Wastewater analysis shows massive COVID-19 surge in Saskatchewan


The amount of COVID-19 in Saskatoon’s wastewater has risen by 253 per cent since last week, according to new numbers from University of Saskatchewan researchers.

Toxicologist John Giesy told Global News he doesn’t believe the massive increase will result in a similar rise in diagnosed new cases or hospitalizations like it has it the past, but he did say the cause of the surge could portent a coming fourth wave.

“Our best estimate is that it’s about 60 per cent delta variant right now,” he said.

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He explained that figure is calculated based on the other variants of concern measured in the sample, though he noted the National Microbiology Laboratory in Winnipeg still must confirm the findings.

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Regardless, Giesy said the results show the delta variant is the dominant strain in the city and reinforces that vaccinated, asymptomatic people can spread it.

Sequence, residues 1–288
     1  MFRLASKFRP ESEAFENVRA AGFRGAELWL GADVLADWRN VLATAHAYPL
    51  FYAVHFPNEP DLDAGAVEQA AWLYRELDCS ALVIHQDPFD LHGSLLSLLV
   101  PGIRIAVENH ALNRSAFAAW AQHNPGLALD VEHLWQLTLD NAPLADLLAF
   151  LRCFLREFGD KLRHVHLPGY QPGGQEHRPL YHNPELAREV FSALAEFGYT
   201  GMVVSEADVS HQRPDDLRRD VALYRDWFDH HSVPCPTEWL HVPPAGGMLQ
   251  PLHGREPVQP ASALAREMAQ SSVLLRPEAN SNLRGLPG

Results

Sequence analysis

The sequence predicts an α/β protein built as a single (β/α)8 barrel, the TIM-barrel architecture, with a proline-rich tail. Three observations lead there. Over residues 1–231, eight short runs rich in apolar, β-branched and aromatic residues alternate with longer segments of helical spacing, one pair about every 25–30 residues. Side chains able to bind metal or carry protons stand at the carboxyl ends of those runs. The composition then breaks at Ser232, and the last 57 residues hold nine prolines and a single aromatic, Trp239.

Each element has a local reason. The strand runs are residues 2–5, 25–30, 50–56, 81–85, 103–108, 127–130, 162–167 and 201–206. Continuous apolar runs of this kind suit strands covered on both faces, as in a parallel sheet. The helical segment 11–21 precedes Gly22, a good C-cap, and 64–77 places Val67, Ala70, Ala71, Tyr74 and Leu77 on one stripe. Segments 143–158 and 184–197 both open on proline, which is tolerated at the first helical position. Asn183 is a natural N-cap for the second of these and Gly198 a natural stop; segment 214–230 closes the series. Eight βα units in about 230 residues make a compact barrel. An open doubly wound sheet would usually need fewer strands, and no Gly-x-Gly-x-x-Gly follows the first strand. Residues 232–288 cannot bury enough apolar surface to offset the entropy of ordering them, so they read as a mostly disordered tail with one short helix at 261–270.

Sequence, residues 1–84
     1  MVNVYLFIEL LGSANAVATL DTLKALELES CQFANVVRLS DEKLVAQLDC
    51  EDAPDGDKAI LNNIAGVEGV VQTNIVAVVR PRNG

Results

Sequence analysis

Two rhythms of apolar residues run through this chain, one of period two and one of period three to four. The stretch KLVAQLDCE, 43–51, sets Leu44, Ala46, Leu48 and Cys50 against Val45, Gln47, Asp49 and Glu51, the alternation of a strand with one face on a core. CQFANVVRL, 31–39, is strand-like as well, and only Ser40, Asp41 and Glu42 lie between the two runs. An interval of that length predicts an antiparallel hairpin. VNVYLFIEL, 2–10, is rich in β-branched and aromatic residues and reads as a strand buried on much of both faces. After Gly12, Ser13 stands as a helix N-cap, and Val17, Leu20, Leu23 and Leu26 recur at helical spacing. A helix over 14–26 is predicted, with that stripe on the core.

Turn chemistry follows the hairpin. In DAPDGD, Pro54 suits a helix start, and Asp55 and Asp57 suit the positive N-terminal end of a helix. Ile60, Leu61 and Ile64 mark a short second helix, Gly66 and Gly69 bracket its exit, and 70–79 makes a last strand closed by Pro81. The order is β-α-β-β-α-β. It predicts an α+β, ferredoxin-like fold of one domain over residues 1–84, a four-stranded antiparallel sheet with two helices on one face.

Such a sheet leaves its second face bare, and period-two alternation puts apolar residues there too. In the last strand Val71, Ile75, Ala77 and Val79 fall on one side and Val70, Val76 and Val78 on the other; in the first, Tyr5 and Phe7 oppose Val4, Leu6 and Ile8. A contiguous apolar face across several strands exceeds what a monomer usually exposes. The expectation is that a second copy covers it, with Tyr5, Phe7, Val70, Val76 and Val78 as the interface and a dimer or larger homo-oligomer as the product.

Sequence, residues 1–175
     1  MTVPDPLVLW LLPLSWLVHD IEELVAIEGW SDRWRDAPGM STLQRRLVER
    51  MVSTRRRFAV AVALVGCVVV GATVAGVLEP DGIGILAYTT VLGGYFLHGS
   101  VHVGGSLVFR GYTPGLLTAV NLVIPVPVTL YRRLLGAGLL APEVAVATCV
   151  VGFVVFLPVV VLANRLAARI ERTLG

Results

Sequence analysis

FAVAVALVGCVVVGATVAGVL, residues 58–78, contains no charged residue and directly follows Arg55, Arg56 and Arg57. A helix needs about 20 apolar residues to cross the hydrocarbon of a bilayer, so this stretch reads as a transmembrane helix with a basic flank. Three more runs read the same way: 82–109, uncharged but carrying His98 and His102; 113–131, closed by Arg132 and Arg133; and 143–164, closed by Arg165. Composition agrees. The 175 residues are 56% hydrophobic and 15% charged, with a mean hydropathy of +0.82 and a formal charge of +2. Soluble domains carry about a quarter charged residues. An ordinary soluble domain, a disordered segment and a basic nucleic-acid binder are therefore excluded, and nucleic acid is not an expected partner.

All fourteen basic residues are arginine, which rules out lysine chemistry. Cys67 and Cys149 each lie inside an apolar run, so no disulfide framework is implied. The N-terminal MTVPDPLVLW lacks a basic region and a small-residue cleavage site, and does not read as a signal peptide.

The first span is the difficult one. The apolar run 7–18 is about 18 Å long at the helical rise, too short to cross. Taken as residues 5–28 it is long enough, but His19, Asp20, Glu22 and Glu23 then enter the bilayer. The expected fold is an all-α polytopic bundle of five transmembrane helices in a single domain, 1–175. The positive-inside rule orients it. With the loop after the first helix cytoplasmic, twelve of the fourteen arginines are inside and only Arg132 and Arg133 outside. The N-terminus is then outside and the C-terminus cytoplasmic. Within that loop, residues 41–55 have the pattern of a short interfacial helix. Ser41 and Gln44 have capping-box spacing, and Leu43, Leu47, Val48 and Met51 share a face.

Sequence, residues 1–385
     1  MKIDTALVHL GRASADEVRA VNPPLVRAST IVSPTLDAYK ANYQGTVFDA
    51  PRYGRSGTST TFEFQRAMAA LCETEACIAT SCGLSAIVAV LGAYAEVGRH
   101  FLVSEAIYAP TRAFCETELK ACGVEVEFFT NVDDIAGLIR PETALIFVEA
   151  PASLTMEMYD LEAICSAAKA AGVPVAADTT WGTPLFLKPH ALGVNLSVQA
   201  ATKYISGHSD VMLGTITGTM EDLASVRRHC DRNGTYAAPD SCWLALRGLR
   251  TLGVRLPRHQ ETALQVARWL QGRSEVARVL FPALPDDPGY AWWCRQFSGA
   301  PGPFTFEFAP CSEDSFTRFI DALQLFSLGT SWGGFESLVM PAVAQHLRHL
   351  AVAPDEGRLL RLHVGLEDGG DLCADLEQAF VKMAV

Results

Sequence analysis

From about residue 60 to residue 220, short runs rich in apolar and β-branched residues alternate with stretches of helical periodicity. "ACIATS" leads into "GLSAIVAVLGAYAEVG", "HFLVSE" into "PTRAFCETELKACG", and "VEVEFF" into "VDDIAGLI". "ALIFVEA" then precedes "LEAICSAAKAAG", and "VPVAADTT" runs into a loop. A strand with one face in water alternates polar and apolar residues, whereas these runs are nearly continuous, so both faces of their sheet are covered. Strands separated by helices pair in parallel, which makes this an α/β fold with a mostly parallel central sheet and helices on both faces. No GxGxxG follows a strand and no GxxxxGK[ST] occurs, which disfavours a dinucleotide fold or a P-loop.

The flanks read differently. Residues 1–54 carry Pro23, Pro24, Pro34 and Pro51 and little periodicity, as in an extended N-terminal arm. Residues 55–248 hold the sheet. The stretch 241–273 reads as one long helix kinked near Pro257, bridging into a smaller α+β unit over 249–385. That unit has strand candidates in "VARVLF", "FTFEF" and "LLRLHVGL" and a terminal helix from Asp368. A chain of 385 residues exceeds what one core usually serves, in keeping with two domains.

Giesy, who serves on several national health boards, said the rise is concerning and that members of those organizations are “pretty well sure now we’re going to have a fourth wave in the fall.”

He did say the number of vaccinated people in Saskatoon is a saving grace for hospitals because it means there will be fewer cases and hospitalizations.

“We’ve got more infected people than are getting sick, which is not a good situation,” he stressed, “but at least the people that are vaccinated aren’t getting into the ICU.”

According to a Tuesday press release from the Saskatoon Mayor’s office, 25.3 per cent of eligible city residents still need a first dose while 34.4 per cent haven’t yet had their second.

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Giesy said those numbers aren’t sufficient.

The surge means there is a greater risk to those who aren’t fully vaccinated because they’re not yet protected from the very transmissible variant.

“That means our kids will be going back to school unvaccinated and we just we don’t know where that will go,” he said, adding that COVID doesn’t appear to affect children to the same extent it affects adults.

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On top of the current risk to the population, he said there is a greater chance the virus will continue to evolve and develop into new variants of concern the longer the global population fails to reach herd immunity.

“What we don’t want to see happen is have a new mutant come in that we don’t have vaccinations for and cause this all over again,” he told Global News, “so I would love to see more people vaccinated.

© 2021 Global News, a division of Corus Entertainment Inc.

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